15 April 2010
Let’s Get Together: Gilroy’s Question of Solidarity within the Social Dynamic of Corregidora and The Lonely Londoners The concept of identity can be illustrated as a complex assembly, and more specifically as a group of collected observations. It can be derived from one’s view of self as a subject, to one’s view of self in relation to the other, and finally one’s identity in terms of relationships to others with shared sets of attributes, vernaculars, conditions, histories, etc. It is within the latter that the exploration of solidarity surfaces when looking at the post-colonial Black subject and their plight to finding their own sense of self in relation to others. In his text British Cultural Studies and the Pitfalls of Identity, Paul Gilroy introduces solidarity as an issue of identity and invites us to, “comprehend identity as an effect mediated by historical and economics structures, instantiated in the signifying practices through which they operate and arising in contingent institutional settings that both regulate and express the coming together of individuals in patterned social processes.”(230) The relationship between historical and economic structures, signifying practices, and conditional settings can be further explored by looking at postcolonial novels that tackle and embrace this question of solidarity, in specific Sam Selvon’s The Lonely Londoners and Gayl Jones’ Corregidora; in addition, problems of community and belonging are dotted across the landscape of the novels and the formation of these institutions are problematic in terms of gender and sexuality.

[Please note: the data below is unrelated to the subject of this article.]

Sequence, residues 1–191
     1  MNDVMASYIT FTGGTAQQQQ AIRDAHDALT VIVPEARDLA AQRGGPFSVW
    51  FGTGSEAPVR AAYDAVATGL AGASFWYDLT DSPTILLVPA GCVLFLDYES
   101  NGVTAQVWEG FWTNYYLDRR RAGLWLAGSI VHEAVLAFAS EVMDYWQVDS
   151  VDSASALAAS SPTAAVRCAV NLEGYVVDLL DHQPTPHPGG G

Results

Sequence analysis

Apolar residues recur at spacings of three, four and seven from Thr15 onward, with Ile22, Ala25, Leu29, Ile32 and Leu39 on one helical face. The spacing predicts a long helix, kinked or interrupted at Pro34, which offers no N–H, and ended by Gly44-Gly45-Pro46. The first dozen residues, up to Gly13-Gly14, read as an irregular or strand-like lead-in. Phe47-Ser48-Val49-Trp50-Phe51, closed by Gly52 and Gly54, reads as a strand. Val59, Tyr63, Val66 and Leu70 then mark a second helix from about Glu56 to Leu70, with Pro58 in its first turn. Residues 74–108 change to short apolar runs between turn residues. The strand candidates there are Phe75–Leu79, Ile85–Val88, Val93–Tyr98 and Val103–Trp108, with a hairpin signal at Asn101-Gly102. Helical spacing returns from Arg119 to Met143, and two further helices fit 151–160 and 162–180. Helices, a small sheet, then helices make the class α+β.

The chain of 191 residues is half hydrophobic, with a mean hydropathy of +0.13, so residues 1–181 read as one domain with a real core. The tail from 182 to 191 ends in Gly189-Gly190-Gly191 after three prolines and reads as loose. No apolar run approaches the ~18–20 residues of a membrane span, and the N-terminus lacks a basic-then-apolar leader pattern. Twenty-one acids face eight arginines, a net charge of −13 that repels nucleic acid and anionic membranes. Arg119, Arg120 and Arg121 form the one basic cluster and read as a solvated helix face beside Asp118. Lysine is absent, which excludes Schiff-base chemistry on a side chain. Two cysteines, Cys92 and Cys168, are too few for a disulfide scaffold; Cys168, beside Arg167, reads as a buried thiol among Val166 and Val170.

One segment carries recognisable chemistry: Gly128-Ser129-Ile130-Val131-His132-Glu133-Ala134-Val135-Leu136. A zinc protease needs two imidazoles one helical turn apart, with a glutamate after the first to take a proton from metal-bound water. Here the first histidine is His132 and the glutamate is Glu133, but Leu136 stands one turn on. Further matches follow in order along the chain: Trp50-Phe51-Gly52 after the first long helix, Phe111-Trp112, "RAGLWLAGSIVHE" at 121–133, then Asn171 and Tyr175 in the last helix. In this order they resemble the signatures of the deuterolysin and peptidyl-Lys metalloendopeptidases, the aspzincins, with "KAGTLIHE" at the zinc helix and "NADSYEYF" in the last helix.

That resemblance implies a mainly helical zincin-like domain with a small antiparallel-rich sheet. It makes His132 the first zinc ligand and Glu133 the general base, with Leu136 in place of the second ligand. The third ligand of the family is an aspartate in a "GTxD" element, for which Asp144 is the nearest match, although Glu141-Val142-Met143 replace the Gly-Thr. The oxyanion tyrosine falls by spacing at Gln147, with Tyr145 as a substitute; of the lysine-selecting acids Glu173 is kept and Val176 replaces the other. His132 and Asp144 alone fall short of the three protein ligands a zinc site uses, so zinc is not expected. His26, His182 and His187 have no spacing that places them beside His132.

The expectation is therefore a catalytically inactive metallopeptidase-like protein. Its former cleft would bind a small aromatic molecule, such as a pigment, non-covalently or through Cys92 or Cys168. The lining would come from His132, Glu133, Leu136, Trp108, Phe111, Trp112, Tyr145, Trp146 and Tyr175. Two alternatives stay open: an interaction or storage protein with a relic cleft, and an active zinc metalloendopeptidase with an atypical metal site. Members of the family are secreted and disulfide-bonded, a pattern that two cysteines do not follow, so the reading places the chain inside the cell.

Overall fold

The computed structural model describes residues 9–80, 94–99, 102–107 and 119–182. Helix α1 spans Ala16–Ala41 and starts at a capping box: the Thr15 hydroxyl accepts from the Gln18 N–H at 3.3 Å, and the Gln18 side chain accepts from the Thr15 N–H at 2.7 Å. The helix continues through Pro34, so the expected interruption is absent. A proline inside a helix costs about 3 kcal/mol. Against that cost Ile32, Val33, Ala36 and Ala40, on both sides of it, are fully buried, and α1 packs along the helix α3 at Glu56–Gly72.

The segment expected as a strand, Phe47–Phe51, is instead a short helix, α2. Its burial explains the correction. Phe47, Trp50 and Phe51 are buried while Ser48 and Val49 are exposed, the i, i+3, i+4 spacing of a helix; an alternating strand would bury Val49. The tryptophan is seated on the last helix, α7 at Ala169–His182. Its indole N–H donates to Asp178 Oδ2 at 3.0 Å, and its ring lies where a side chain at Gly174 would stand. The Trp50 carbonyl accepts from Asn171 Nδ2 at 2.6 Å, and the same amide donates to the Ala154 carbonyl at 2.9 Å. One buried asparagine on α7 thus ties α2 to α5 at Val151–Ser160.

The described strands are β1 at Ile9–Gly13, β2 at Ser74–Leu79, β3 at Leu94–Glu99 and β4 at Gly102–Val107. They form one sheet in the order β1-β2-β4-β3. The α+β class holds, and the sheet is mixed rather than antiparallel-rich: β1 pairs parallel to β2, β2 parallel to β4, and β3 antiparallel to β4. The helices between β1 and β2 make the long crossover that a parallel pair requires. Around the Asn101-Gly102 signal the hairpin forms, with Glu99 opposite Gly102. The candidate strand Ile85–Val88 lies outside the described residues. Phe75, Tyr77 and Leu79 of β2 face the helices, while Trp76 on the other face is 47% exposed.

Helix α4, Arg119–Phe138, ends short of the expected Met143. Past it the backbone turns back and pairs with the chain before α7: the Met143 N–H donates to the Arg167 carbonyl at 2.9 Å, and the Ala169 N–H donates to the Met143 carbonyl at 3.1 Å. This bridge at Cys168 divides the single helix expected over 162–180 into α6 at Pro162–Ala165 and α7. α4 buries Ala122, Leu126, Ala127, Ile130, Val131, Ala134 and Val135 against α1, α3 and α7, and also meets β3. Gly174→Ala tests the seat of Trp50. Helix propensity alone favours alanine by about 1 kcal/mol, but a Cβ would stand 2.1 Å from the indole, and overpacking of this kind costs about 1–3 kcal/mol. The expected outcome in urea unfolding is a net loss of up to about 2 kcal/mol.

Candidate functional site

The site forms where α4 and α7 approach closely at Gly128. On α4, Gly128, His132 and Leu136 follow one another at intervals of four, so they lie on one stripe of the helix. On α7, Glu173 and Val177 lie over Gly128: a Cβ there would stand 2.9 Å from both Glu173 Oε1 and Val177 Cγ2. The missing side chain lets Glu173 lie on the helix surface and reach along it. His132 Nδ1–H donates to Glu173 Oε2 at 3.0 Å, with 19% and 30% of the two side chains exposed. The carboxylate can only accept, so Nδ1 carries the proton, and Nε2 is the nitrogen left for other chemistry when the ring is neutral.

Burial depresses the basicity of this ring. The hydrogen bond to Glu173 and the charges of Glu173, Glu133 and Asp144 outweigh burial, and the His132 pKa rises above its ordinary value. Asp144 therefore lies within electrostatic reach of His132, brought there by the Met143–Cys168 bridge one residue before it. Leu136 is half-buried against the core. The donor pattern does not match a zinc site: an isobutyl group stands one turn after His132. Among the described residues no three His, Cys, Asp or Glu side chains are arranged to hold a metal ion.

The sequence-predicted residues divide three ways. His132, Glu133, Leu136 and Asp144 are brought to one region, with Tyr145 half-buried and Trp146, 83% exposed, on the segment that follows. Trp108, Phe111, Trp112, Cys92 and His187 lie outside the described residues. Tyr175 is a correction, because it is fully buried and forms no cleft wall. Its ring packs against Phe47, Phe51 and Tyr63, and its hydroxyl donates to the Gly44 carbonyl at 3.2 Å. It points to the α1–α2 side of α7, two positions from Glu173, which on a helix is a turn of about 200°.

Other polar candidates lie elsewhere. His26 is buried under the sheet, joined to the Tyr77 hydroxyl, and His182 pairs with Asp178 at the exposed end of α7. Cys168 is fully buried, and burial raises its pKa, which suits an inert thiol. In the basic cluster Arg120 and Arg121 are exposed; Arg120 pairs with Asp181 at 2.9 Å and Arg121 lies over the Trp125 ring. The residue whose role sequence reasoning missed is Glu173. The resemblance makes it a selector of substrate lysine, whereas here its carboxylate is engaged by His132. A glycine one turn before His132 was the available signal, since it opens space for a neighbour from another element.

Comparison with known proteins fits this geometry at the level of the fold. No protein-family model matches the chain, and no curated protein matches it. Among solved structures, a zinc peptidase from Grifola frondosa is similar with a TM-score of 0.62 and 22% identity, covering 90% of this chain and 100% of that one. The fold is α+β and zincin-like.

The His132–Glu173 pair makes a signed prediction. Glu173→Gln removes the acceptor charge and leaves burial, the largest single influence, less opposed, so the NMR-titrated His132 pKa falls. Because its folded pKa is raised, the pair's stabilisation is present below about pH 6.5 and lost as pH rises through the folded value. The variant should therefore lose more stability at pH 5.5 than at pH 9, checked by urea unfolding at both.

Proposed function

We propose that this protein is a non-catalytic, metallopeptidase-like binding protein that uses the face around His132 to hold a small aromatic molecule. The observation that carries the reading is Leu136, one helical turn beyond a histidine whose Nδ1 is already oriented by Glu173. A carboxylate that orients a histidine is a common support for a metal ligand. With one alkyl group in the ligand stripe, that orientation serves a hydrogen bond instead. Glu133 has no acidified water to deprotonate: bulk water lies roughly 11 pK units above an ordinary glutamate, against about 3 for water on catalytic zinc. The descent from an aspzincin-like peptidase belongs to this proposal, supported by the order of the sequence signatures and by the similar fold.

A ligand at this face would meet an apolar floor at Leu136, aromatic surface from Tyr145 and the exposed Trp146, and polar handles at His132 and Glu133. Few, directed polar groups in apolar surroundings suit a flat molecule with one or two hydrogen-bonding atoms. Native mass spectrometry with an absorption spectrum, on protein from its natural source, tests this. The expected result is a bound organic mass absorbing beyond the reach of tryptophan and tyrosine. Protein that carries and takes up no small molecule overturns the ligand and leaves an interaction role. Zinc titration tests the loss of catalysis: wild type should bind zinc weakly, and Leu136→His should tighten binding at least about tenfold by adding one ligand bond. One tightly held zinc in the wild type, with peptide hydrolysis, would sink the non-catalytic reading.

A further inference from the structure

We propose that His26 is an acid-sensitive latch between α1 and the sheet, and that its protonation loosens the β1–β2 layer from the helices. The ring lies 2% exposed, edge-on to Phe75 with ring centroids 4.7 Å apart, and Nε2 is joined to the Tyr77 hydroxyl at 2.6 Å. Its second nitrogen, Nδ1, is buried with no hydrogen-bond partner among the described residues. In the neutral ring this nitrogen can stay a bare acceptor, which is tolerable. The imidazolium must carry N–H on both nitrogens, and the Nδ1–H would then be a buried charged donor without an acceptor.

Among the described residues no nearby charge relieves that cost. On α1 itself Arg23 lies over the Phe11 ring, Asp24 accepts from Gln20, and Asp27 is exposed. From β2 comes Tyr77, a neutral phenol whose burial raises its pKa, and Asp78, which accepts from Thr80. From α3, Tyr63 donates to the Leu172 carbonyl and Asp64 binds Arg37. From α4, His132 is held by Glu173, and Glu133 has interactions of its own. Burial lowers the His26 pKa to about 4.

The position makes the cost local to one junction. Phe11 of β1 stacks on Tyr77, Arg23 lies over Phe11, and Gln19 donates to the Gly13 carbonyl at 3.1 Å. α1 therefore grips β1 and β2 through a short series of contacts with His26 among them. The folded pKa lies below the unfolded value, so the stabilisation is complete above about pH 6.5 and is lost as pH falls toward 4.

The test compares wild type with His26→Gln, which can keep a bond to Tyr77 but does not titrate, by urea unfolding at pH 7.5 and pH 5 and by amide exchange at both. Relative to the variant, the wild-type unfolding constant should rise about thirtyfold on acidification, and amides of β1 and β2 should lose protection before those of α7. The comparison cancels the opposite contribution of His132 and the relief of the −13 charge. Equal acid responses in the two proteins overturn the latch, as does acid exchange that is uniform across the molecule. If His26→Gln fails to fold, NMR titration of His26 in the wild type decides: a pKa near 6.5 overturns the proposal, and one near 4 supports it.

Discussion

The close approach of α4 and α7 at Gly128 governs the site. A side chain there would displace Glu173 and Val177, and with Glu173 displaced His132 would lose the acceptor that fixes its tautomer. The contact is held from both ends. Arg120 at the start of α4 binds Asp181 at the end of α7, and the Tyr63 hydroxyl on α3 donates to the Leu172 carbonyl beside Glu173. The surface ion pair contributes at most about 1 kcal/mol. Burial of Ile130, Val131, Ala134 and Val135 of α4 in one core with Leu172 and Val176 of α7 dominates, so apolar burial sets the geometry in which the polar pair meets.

Gender is an important specificity in regards to belonging and community. With that said, taking a look at Selvon’s novel will enable us to explore a kinship between West Indian men who immigrated after a call for reconstruction to Britain during the 1950s for a better life and a new beginning. It is important to note, however, that race was a controversial issue at this time in Britain, specifically London, and discourse of the immigration seemed to unwelcome the pouring in of the “spades”. Therefore, with racial tension at height, the West Indian men in the novel, Moses, Cap, Galahad, and Bart to name a few, stuck together because of their shared concept of identity. The obvious of their solidarity would be that of their skin color, background, vernacular, and situation. Moses tells Galahad in the start of the novel that because of their similarities they must stick together, “both of we is Trinidadians and we must help out one another.” (Selvon 37) This episode signifies the importance of togetherness and an assimilated sense of fixed belonging that was influenced on the West Indian immigrants. The togetherness that was felt through the West Indian districts was held as one even by the ethic food they ate, Selvon uses Moses to describe how white British capitalized on the districts the West Indians settled in, and “from the time spades start to settle…he found out what sort of things they like to eat, and he stock up on a lot of things…and as long as spades spending money he don’t care.” (Selvon 77) The feeling of belonging can also be seen through the dialect spoken within the episodic novel which is that of a Trinidadian Patois mixed with the influence of proper British English. For example, when Galahad is talking to Daisy, a white girl, on their date she has trouble communicating. She says, “What did you say? You know it will take me some time to understand everything you say. The way you West Indians speak!” (Selvon 93) The conversation does more than just separate one from the other, but also puts the West Indians in their own class, as they are different from the British in Daisy’s eyes by more than just color and vernacular. They are different in her eyes, because of their situation “mediated by historical and economic structures, instantiated in the signifying practices,” (Gilroy,...
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